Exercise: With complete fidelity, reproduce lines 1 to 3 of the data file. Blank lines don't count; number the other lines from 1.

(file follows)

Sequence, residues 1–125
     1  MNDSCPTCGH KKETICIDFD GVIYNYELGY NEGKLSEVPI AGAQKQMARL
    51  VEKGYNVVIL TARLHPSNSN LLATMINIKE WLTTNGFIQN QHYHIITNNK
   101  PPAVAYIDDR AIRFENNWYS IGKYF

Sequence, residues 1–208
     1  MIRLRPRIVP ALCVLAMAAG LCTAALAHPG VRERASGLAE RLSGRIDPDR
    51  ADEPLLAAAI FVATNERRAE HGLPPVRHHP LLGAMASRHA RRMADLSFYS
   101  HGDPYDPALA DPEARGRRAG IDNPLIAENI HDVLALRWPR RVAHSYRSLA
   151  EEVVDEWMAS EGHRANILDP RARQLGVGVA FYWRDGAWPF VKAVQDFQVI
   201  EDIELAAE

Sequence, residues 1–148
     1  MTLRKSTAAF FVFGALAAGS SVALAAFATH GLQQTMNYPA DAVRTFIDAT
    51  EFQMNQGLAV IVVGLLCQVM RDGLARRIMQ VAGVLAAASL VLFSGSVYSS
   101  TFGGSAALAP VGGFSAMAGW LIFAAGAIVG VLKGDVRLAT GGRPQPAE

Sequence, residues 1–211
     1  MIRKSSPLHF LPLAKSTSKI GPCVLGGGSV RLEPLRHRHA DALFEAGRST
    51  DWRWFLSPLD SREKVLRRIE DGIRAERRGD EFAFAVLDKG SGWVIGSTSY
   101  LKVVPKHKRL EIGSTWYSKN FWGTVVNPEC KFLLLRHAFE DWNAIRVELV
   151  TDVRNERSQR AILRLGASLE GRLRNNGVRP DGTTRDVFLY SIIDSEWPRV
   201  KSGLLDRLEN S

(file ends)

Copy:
Sequence, residues 1–125
     1  MNDSCPTCGH KKETICIDFD GVIYNYELGY NEGKLSEVPI AGAQKQMARL
    51  VEKGYNVVIL TARLHPSNSN LLATMINIKE WLTTNGFIQN QHYHIITNNK